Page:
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HILL GIVES PRIZES.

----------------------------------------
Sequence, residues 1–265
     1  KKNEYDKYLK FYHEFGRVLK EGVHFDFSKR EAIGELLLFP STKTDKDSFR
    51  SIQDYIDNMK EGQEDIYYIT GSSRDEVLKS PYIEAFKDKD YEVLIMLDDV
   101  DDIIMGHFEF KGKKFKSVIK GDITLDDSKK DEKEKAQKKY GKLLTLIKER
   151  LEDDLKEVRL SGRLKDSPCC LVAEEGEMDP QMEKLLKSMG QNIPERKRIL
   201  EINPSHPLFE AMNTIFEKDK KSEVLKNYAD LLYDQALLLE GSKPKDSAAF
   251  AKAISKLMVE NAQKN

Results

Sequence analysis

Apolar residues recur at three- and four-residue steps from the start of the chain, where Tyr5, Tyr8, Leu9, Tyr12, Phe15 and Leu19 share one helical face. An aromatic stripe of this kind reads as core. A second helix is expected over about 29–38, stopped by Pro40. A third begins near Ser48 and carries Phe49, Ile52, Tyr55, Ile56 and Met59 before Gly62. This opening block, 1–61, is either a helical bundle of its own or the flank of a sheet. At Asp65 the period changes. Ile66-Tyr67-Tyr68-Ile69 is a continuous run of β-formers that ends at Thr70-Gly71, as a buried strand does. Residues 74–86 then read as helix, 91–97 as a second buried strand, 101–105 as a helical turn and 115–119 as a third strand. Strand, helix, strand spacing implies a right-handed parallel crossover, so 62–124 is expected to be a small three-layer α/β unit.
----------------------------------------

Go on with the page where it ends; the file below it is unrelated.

OREGON STATE ITEMS OF INTEREST WILD FRUIT GOOD. Old Orchards in Coast Range Without Car Give Fine Result. Cottage Grove Lincoln Taylor, who recently returned from an outing in the coast mountains, says be found a great many vacated homes throughout the section visited by him and the or chards, planted years ago by the home steaders, have gone wild and the fruit ia to be found in great abundance. Bears, coons and other fruit eating animals have infested the orchards in many places and the limbs have been badly broken, but that has not affected the bearing quality of the trees. Mr. Taylor says there is rarely a ease of scale or other disease to be found on any of the trees, and the cod lin moth is not in evidence. This is splendid evidence in favor of the entire coast range as fruit producing sections. Henry H. Veatch too, while on a hunting trip on Cedar creek, about eight miles from Cottage Grove, came upon a splendid orchard that had been entirely taken by the fir timber. He brought out fair samples of the apples, which surpass anything to be found on the lower levels in size, color and aro matic excellence. The fruit resembles the Gravenstein quite strongly, but ia more highly colored and measures more than 10 inches in circumference. On the William Landess ranch, just east of town, there is a fine Crawford peach orchard in the fir timber which is heavily laden with beautiful fruit BIG ORCHARDS PLANTED. Benton County Farmers Going in for Apple Culture. 7- Corvallis The Western Oregon Fruit company, of which Judge Borth and J. W. Polk, of Grants Pass, are the principal stockholders, will begin planting 1,000 acres to apples and pears October 1. Ibis company has purchased 1,700 acres near Monroe, Benton county, comes into possession October 1 and expects to plant fully 1,000 acres this fall. The Oregon Apple company will also begin planting at the earliest date pos sible. This company owns 800 acres south of Corvallis and has ordered trees to plant 600 acres to apples and pears at once. This company owns some of the sightliest land in Benton county. The Willamette Orchard company. which recently purchased the famous Samuel Wyatt farm, two miles west of Corvallis, is preparing to plant 125 acres this fall. Mayor Virgil E.JWattes, who put 4U acres or the Pleasant View fruit farm to apples this spring, will add 20 acres this fall. There have been many small acre' ages set to fruit this year and it is expected that fully 2,000 acres of new orchard will be set out in Benton county by January 1. Filling .Farmers' Warehouses. La Grande. Over 15,000 bushels of grain are already stored in the farmers' union warehouse at Island City, al though the roof on the building is not yet completed. The union is yet in its infancy in Union county, but the farm ers are working together splendidly, and it is thought that before the stor ing season is over 30,000 bushels of wheat will be in this warehouse. The wheat is pooled and held in the ware house for sale, and when the buyers purchase the grain it will be con veniently near the main line of the railroad for shipment. Work on Branch to Benin. Albany J. B. Eddy, right of way agent of the Southern Pacific, states that work will begin on the Lebanon- Crabtree branch next week. He was in Albany en route to Portland from Lebanon where he has completed se curing rights of way for this branch. Tl ill I t . . n win De eigni mues long ana connect the north and south mHa nt tha WnnH. bum-Springfield line, not now operated oecause oi tne wrecked bridge across the South Santiam. Send Display East. Hood River Hood River is prepar ing a display of fruit at the National Irrigation congress to be held in Chi cago in November. The Hood River Aople Growers' union expects to send a car of the finest apples to the great show. Thomas- Persons is in Hood River taking scenes of the apple in dustry with a moving picture camera. These will be used in connection with the display of fruit Hophouse and Crop Burns. Woodburn The Kendall hophouse, east of Woodburn, burned last week together with 14,000 pounds of this year's bops, which had been contract ed at 9 cents. The building was owned by Frank Kendall an1 rented by Lee Kendall. The cause of the fire is un known. The building and contents were insured in the Hopgrowers' Fire Insurance company. Cove Fruit Goes East. Cove Stackland Bros., probably the largest fruitraisers in the Grand Ronde valley, are shipping mixed fruits w me eastern markets. Plums, pears, crabapples and apples are in season and a full crew is at work in theorcbard. Two cars were shipped last week and two more have been forwarded this week. Record Yield of Oat. La Grande. The largest yield of oats reported in tho valley is reported by W. D. Sawyer, of tho Pierce-Sawyer ranch, close to Hot Like. Off of 120 acres of oats the yield was 10,370 bush els. This is close to 83 bushels to the acre, BIG FRUIT TRACT BOUGHT. Eastern Capitalists Purchase 1,260 Acres in Rogue Valley. OranU Pass. One of the largest deals to take place in Rogue river fruit lands occurred a few days ago, when a representative of Eastern capitalists purchased the S. II. Eiggs property, consisting of 1260 acres. This is one of the finest bodies of land in the county, and is supplied with 2000 inches or more of water from the Ap plegate river. Its former owners found much profit in raisins three crons of alfalfa each year, and selling it at from $ia to -'(J a ton, but It has now be come so profitable to raise fruit that three hay crops do not produce suf ficient revenue to satisfy the fruit raiser. The buyer and his associates will take possession of tho premises on the first day of January, and they will at that time put on a large force of men to lay out the tract in an ideal manner, with convenient avenues run ning in every direction, in order to make it the largest tract of land de voted to fruit alono in ltogue river valley. The entire premises will be planted as rapidly as possible in peaches, pears and commercial apples. This place formerly belonged to Con sul II. B. Miller, but last year it was sold to S. II. Eiggs, who kept it nine months, raised several hundred tons of alfalfa hay, and sold out at a price up into six figures. Irrigation Near Vale. Vale D. M. Brogan, the Seattle capitalist, who is constructing a large irrigation project on Willow creek about 24 miles from Vale, is meeting with great Buccess and encouragement in the reclamation of 30,000 acres of land just north of the project recently rejected by the government because of lack of funds. Several ranches have been purchased from settlers and three reservoirs will be constructed, the water to be taken from Willow creek and its tributaries. A railroad is be ing built from Vale to Brogan, the townsite of the project Forest Ranger Examination. Bend The examination for the posi tion oi lorest ranger in the Deschutes national lorest will be held at Prine- ville October 16 and 17. At these ex. aminations applicants are put through a severe test of their abilities in the various branches of forest work, from cruiaincr to road nnri hrirltro mob-inn- One of the most important features of the work of foresters in thia recion ia the supervision of cattle and sheep ranging in tne reserve, where the herds and bands are pastured in the summer montns. Coos Has Another Line. Marshfield The Coos Bay Electric Railway company has just been incor porated, with a carjital stock of SI.- 500.000. The incoroorntnrn are .Turn en H. Flanagan, W. S. Chandler and F. C. McCollom. Those connected with the movement sav their nlann are not sufficiently developed to make anv statement of the purpose of the com pany. Air. t lanagan is a local banker ana Mr. handler is a San Franciscan interested extensively in Coos bay. PORTLAND MARKETS. Wheat Bluestem, 96c; club, 87c; rea Russian, 85c; valley, 90c; fife, 87c: Turkev red. 87c? 40-fnlrl RQle Barley Feed, $25.5026; brewing, $26.5027 per ton. Oats No. 1 white. $27ri)27.25 ner ton. Hay Timothy, Willamette valley, $15(3)16 per ton; Eastern Oregon, $17.5018.50; alfalfa, $14; clover, $14: cheat S13rffil4.R0! $1516. Butter City creamery, extras, 36c; fancv outside creamarv 3!t!tn. - - J UIVWVI., store, 2122c per pound. Butter fat prices average ic per pound under reirular butter prices. Egga Oregon ranch, candled, 32Jc Poultry Hens, 1617c per pound: springs, 1617c; roosters, 910c; oucks, young, 14idc; geese, young, 10llc; turkeys, 20c; squabs, $1.75 z per aozen. Pork Fancy, 9K10c per pound. Veal Extra, 10(a)10c per pound. Fruit) Apples. $lrt,2.2K pears. 50cffi S1.2fi- xwnnhoa 7K..i or per crate; cantaloupes, $50c$1.25; piums, per pox; watermelons, leper Pound: o-rnnpa 4r)cil ok f o 1 J - " V . - " 1 crate; Concords, 25c per basket; casa- oas, ?i.oU(g per crate; quinces, $1.50 per box. Potatoes 75c(S!Sl Per R.iclr- aaroat potatoes, 2c per pound. unions $ l.zs per sack. Vepetables Rpnnn ArhKn nor nnimrl cabbage, lljc; cauliflower. 75c(fi $1.25 per dozen; celery, 50(5)75c; corn, io(g,zuc; cucumoers, I025c; onions. 1215c; peas, 7c per pound; pep pers, 45c; pumpkins, lc; squash, 5c; tomatoes, 50c per box. Hops 1909 Fuggles, 20(f21e per pound; clusters, nominal; 1908 crop ic; iu7 crop, izc; 19U6 crop, 8c. Wool--Eastern Oregon. 16a23e ner pound; valley, 2325c; mohair, choice, 2326e. Cattle Steers, ton mialitw iA of.?, - -- ' r "j , 4.50; fair to good, $4; common, $3.5C 3.75; cows, top, $3.50; fair to good, $3(ffij3.25; common to medium, $2.50 2.75; calves, top, $5(35.50; heavy, $3.604; bulls, $22.25; stags, $2.50 3.50. , Hogs Best, $8; fair to good, $7.76 0)7.85; stackers, $67; China fata, $7.608. Sheep Top wethers, $44.25; fair to good, $3.503.75; ewes, z lesson all grades; yearlings, best, $44.25; fair to good, $3.503.75; spring lambs, $5.255.60. Railroad Builder Help Cry Farming Congress With Cup. Billings, Mont, Sept 27. Five sil ver cups, aggregating $220 in value, will be features of the list of prizes offered by James J. Hill, chairman of the board of directors of the Great Northern railway, for best exhibits at the International Dry Farming exposi tion wbicb will be held at Billings, Montana, October 25-29, in connection with the Fourth Dry Farming congress, October 26-28. George J. Ryan, gen eral industrial agent of the Great Northern, has sent to the headquarters of the congress at Billings a list of the prizes and the conditions under which they will be awarded. The aggregate value of all the prizes is $1,000. This award by Mr. Hill is similar to that made by him in the case of the Omaha Corn exposition, with the exception that the cup feature is made a special one in favor of the Dry Farming con gress, in regard to the cash prizes, Oregon, Washington and Montana are given the same list thereby eliminat ing the competition of one state against another where conditions for certain crops might be better in one state than the other. BURNING LAKE STUDIED. Adventurous Spirits Go Into Crater of Active Volcano. Honolulu. Sent. 27. L. M. Hale. J. Reynolds, and Earnest Moses, a photo grapher, descended today into the pit oi me crater oi Mount Kilaueau, re maining half an hour on the edge of a ourning laice oi lava ana tire. This is the first time that this feat has been accomplished. The members of the party ventured almost to the rim of the seething lake anq attempted to take photographs. The heat was intense and at times the adventurers walked over partially molten areas. After completing their observations, they returned safely to the rim of the crater, where half a dozen friends had witnessed the descent Kilaueau is one of the largest active volcanoes in the world, on th east slope of Maunaloa, Hawaii island. Its amtuae is 4,400 feet and the circum ference of its crater ia annul nine miles, with a depth varying from 700 to i,iuu leet, depending upon the level of the molten lava. Violent eruptions occurred in 1797. 1844 and IHHfi nnri since the latter date there have been several outbreaks of less severity. ENGINEERS TO YIELD. Settlement of Miners' Differences in Butte in' Sight. Butte, Mont, Sept 27. Although no aennue statements nave yet been made by either side, it develnnerf lat-a tonight that there is plausible prospect mat me ainerences existing between the Brotherhood of Stationary eers No. 1 and the Butte Miners' union may be settled, and the miners will re turn to their work at the various prop erties before tomorrow mnrnino- It is known that certain overtures have been made to the emrineera hv tho officers of the miners' union, and it is quue prooaoie tne engineers will make certain concessions wbich will be ac cepteable to the miners. Whether the concessions will be permanent and whether they will involve a return of me seceding engineers to the Western Federation of Miners, it was impossi ble to ascertain. The adjustment will be reached, it is oeuevea, witnout bringing the mining companies into the controversy, either as arbitrators or because of their influ ence, and it is highly probable that there will be nothing for Charles Moy er, president of the Western Federation of Miners, to settle when he arrives. Omaha Strike Nears End. Omaha, Sept 27. Chances of end ing the streetcar fw wu nuinu seemed favorable tonight President w allies, or the car company, after a meeting with the municipal officials tomorrow, will make a plain state ment of what conditions would be ac ceptable to the company. The strik ing employes, he savs. will ha rrixran an opportunity to accept his conditions. in a aisiuroance juat before the cars stopped running for the day, James Murphy, a conductor. down and seriously injured. Launch Sinks, 80 Drown. Victoria. B. B.. Sent 27 Mail vices from the Orient tell of a ship dis aster on the West river of South China, involving a loss of 80 lives. The launch Wo On. from Weichn v h Yuen, on August 11 capsized three mnes irom ner destination. The Bcci 1ent was caused bv the strnno- Twenty of her 100 passengers were saved by swimming and by clinging to wreckage. The Chinese aiithnritio .t Weichu chartered a steam launch which proceeded to the scene to recover the bodies of the victims. Reyes Goes to Europe. Monterev. Mexico Rnt 97 ' , . Ml. 1 W- lowinir the resignation nf l.onorfll Raw- nardo Reyes from the presidency of the local casino, it is rumored here that General Reyes is preparing to leave Mexico and to take up bis residence in curope. Much color is lent to the re ports due to the fact that thn General Reyes, valued at $90,000, is ror saie. ii is not oeueved that Reyes has intentions of leaving Mexico until after the elections. Johnson's Will Is Found. St Paul, Sept 27.' It was learned today that Governor Johnson had left a will bequeathing all bis estate, which probably will aggregate $25 000 to his widow. ThPirate of RUPERT SARGENT HOLLAND Author at "Th Ceant at Harvard," eta. i.. tnnm .- t I Innlnnatt COSHUBI. All ftShtS 111 O. aX ix?pyriBiH, two, uw ' :oi CIIAPTER XVI. (Continued.) The larder was well-stocked, thanks to Charles' foresight, and we md a most excellent sunper of potted ham, boned chicken, pilot biscuit, and coffee, boiled as only Charles knows how. While supper was being prepared Imponeeau and l made the round of the house, putting up the treat storm-shutters with which I us ually protected the windows from the winter gales, and piling packing-boxes and extra-heavy furniture against the doors, so that they mljfht be ready to withstand any sudden attack. I was sur prised to find how snug we could make the cottage. It had been built to weather the roughest of off-shore gales, but I never thought of It as useful for a log- house 'in case of attack by land. I was very proud of It when we barred the last shutter. Meanwhile Charles was spreading the table, and Rodney, reclining upon a couch as became a wounded warrior, was puf fing contentedly at the first cigarette he bad had In three days. "Little did I think, Selden," said he "when I lunched with you that day, that I d be coming back as a member of a midnight garrison, defending a mysterious gentleman in a blade cloak, who popped up out of the sea. Not but what I enjoy It," he added, as Duponcean looked his way; "I haven't had such a good time since I went bear-hunting In Labrador; but I should like to know what's happen ed to the market." "Perhaps I can smuggle Charles through the enemy's lines to the club In a day or two, I answered. Rodney grunted. "You talk of a day or two as though time were nothing. The whole bottom might drop out In less than an hour. However, I don't care so long a supper's come." We disposed of a prodigious meal, and when we had finished Duponeenn exam ined with great interest an armory of old swords and other war-like Instruments that hung over the mantel-piece. Finally he unhooked two long and rusty blades, compared them carefully, and, carrying them with him, went to the stairs. "You're not going to kill him?' I ex claimed. "Certainly not; but possibly we can end this campaign to-night. Come with me." Rodney and I followed htm up to my study, where our prisoner was stretched out In the Morris chair. DuDonceau flung the two swords on the center-table, and l could see a qnlck look of alarm flare up In the captive's eyes. "I am about, to propose," said Duion- ceau, "a happy settlement of all our diffi culties. Instead of your band of six or eight outlaws fighting my three comrades and myself, what say you If you and I fight It out, you to withdraw your party If I win, I to go with you if I lose? Come, that sounds fair enouirh." Ha loosed the bandage from the prisoner's mouin. 'ine wry smile reappeared. "What do you take me for' I'm no fencer, and the parties back of me woulun t stand for such a game anyhow. They want you taken quietly, delivered up, and don't care what happens to any number of me." Duponceau looken taken aback; he thought over the man's words for a mo ment, then turned to us. "You'll bear witness that I've done everything In my power to settle tills affair with the Irm of nobody's blood but my own, and that my olter waa refused. ' Rodney and I agreed. "What shall n do with him?" I asked. "Turn him loose,' said Rodney. "It's bettter to have all our enemies on the same side of the house." Duponceau was of like mind, so w took the man down-stairs, and, opening the front door, sent him out Into the night. "I'll tell the chief about what you offered," he said as he left, "and if he says It's a go, we'll bring our best fencer with a flag of truce. But you needn't expect him, for from what I've heard the boss won't risk no chance of losing you." I closed the door, and double-bolted It. Charles had laid a" fire and lighted It, for we were all stiff with our life on board the Ship, and as I stretchy comfortably before It I remembered the old English saying that a man's house Is his castle, and was determined that no men in the pay of private schemers should enter mine without my full con sent. CHAPTER XVII. I was dreaminir nf ri. i . musketry when I awoke to find small stones rattling against the shutters of my study window. Duponceau had slept In inv bed an hociima k. - . ... - --- - suwi ot nonor and I had found lodging for the night - w" " iuui graced the den I went to the window, and, cautiously neen. lng throuzh a crack's nr..nin i . r - - r.....K iii me Saut ters, looked for the . could see only the white top of the nearer m!"' !! u, "ky of cIou"ess blue, the white and blue as perfect as ever painter itpFno tin. u i . .. painter , , ""uu coma oot see mi Visitor, t was evIH.nt .i... .u ' W . y shutter was visible, for a Iarger ne truck the hnH.r nA m r. .. "V" cony. Curiously enough, k was wrapped in a handkerchief, and one which I In stantly saw was not a man's nronAr. With thl iM i a A V DrPerty. . urucu me snutters wide and stepped on to the balcony. Now be- 7 1 ,MW. Bvarb4ra' dn 'or rid ing, the color In her cheeks high from w much cannonading. "Good morning," .he called to me "I you had all flown, so I left my horse In eJT" "nd Came here- 1 'houKht you must have gone for the season, by the look, of the house. May I come In ?" i Iuvlnl 1 cried' bound ing with new delight at the sweetness of ooc e e e o o e o o e vlastair - 0 her voice. "I remember a day when you wouldn't enter." "You forget, Mr. Belden, that that wa when there was peace in the land. Many things happen In a siege. ' "Many delightful things. One minute and I'll be down at the door. I hurried down-stairs, but before I ould open the front door I heard Bar bara's voice crying, "Walt, wait I" Rodney jumped from his couoh and joined me, lie as well as I had slept in his clothes. "What Is It, Felix?" he asked. "Miss Graham Is outside and wants to come In, but she's Just called to me to wait. I'll open the little side window first." I slid the window-bolt and looked out Two men, the disagreeable chap of our first meeting and another surly-faced Indi vidual, stood some twenty feet back of Barbara. I placed my revolver on the window ledge. "Now, then, what do you men want?" I demanded. "We don't want the lady to go In," the disagreeable-looking one replied. "Docs the lady want to?" I asked. "She does," said Rarbara, in a most de termined tone of voice. "Then she shall, glide back the bolts, Rodney," I whispered. "Now If any one chooses to Interfere with her entering my house, he can reflect that he's looking In to a straight steel barrel." The door opened, and Barbara, her head high, walked In. I shut the small window and put the revolver In my pock et. "There's a pretty mad-looking pair out there," I said. "Welcome to the log- house !" But Barbara was not regarding me. "Why, Rodney," ah exclaimed, "what has happened to your arm? They didn't shoot you, did they?" She had caught sight of Rodney's arm in a sling. "It's nothing, Barbara," he said, beam ing; "only a scratch. I might have been potted by that badly shooting snipe." She looked at him, her face all admi ration. "It's like you to speak lightly, but you've been In danger, and partly on my -account, for you'd never have laid eyes on Monsieur Duponceau If it hadn't been for me." I would have drifted out of the room if I could, but I was caught between them and the door. Rodney smiled; I could Imagine how pleased he must be feeling. "We've bad several scraps on the Ship," be explained, "and when our food gave out we came op here." "You poor dears !' she exclaimed, and this time I was Included In her words. "I've been thinking of you every minute of the last two days, and wanting to come over to join you. Well, I've stolen away at last, for a morning ride, and now I'm going to stay here with you." "Stay here with us!" we both exclaim ed In amazement. "Until after breakfast I'm going to net your table, ana pour your coffee, and fix your rooms, and show you In general what a woman can do in a bouse." We both had had visions of that al ready, I fancy. I caught Rodney' eye; he smiled, and the color rose to hi face. "Where's Charles?" Barbara demanded. I led her Into the kitchen, where Charle was busied, and Rodney and I sat on the dresser tand watched while Barbara roll ed up her sleeves, pinnep a napkin over her dress as an apron, and proceeded to direct Charles as to the cooking things. Hither one of us would have been su premely happy If the other had not been there. When the table was set, and the break fast on its way from the kitchen to the dining-room, Duponceau appeared, for the first time free of the cloak be had worn on the Ship, but still all In black save for bis gold chains, and still envel oped In that peculiar air of mystery which Instinctively set him apart from all ordinary beings. Barbara curtsied to him, and be raised her hand to his lips and kissed It with the grace of the old time school. "We are not quite forgotten by the out side world," he said, with almost a tinge of royalty In his voice, "very far indeed from forgotten, when so charming an em sary joins us." Barbara looked pleased; I could see that Duponceau waa still her paragon of romance. "Will tou take the head of the table monsieur?" she asked. H i " !' ed her behind the coffee-urn, took his own na uooney and I sat at the sides. w" the first .tat. breakfast my cot tage had ever known. Barbara contrived that we should all forget that we wm- i " house. She smiled , pXZ "V irvr ,vnd llT" t ev-rythlnff DnnAnMi... ..u . flf iT ' &ven unarles In H . V 1 000,(1 hlm rr!i0r.Way 0n the Rlert to her. ' Z D bandas'ns Rodney's arm. I low alight the wound really was, for he dVmurred. though with a look 0f great up his sleeve. I drew n T. ay to n, den, and the two were left erread fir8 al,-h"r- M' lerre and I discussed matr. j . When we returned to 'Will jou take m. ... . sskmt lu.i.. " tne Douse?" .1 Li". tara' Ju.mPn op: and now It rolin? int .;Vy'Too k.nde lM D . Tery ""x nd crannv. An iev ce, iiveT , Wt to their own fir "ewhonhj isti? feminine lnfl,.. ZxZ":' "ra ve"e dered Rh . . . nouge, urren oewd. sn, .tightened the picture; t- She stopped and looked at n. ney let me fix his arm wwL want to, and you -" 4t "Pleas do," I id. motloni-, w the papers, .nd h. placed T f" "Now I've been horrid l. said when .he'd finished. "Id couldlmagln. would "Ye," I agreed ; "h U." JAndnymph. are proverbially,, "Ye, so I've heard." "So h. might slip .way hom out a moment' notice." 'oui Sh .at down In my big dMk-efcU, "Poor Rodn.,," ,h. ,ghet S' as If he war sacrificing a rmt T? Think of hi. .tock. and bond added. "I haven't written a line fati so many day.." "And it, so important that a W should keep in touch with hi. oBcOi added. "And that a writer .hould writs." " "Then why did you give It up?" "Duponceau," I answered. , Om m, met and we both laughed. There wa. a brief silence, and than rose "I have a feeling that rhi crUiT com ng. Remember that I trait too ti shield my pirate. I must go hsek to a. club." We went down-stairs, and Btrbui made her adleux. "I'll go with you to your horn," mm Rodney. "I shall be delighted to go," I pat hit the same moment "I am not so valuable a man u joi" Rodney explained, "In case they should M us off." Barbara looked from one to the ofa of us. "Rodney " she began. I bowed. "I yield." He wis th old friend, and, much as I feared him, I eoiU but admit that he was entitled to the privilege. Isllp smiled with pleasure. -Hut you," he said. "Rodney must not go," she finished It wa. my turn to start, for the door. "Nor must you," she continued to me. "i am much safer alone than with cither ot you." The matter was settled ; we could only hold the door open, and let her put out We watched her a. she went down beach. Once she turned and waved hit riding-crop In farewell. If was cnil that we should be penned up within four Willi when the world was crying aloud for joy cf the day, and she was going out to It We turned back III at east towardi eh other, and just then a bullet ploughed Into the house to the right of us. Wt Jumped In, .lammed the door, and bolted It There wa. a cry from Charles. "The coming up the balcony I" (To be continued.) Why Free Salvation Im Expenilrt. The colored parson had just con cluded a powerful sermon on Salva tion Am Free, and was announclni that a collection would be taken for the benefit of the parson and his fam ily. Up jumped an acutely brnnetti brother in the back of the church. "Look a-year, pabson," he lnUrruot ed, "yo' ain't no sooner done ellln' u dat salvation am free dan yo' go art In' us fo' money. If salvation an free, what's de use In payln' fo' lit Dat's what I want to know. An' 1 tell yo' p'intedly dat I ain't goln' to gib yo' nothln' until I And out. Now- "Patlence, brudder. patience," uii the parson. "I'll 'lucidate: S'bomto' was thirsty an' come to a river. W could kneel right down an' drink 70' fill, couldn't yo'? An' It wouldn't cat yo' nothln', would it?" "Ob cou'se not. Dat's Jest what I" "Dat water would be free," cot tinued the parson. "But s'posln' p' was to hab dat water piped to Jff house? Yo'd have to pay, wouldn't yoT "Yas, suh, but" "Wal, brudder, so it is wld tlon. De salvation am free, bat It'J de havin' it piped to yo' dat yo' flt to pay fo'. Pass de hat, deacon, pa de hat." Perfect Confidence. A physician was summoned to J very sick man, who was very moc preoccupied with troubles of hUowi On arriving at the sick man's bed, W said to his wife: . "Your husband Is in the last throe Every movement shows that tho is nearlng." , . At this moment the sick man WW fell over the pillow, when the docto' said: "The end has come, your t band Is dead." , " . In a shrill, thin voice the I m said: "Taln't so, Maria." At once the wife laid her nana . . - - "TVint dv turb yourself, Rufus the doctor know. best." Harper's Montniy. Ia he Wrof Tim. tn itia batsmen 11 was noi uum succession had struck out that gusted patron In the bleacher y"- ...1 v... ...ta nilffhta M "r here. You're nothln' but fan. -r as City Times. Her Preference Edyth Would you marry 1 n8 reform him? . . MavroA Not if I could t " who didn't need reforming. .hulas, tt Owing to tne cargii " M whaling Industry is dying out 1BO are now caught ach y .. rr. " -..in ther " or tne worm s poimin" - sixty-four to ths million wn blind, . '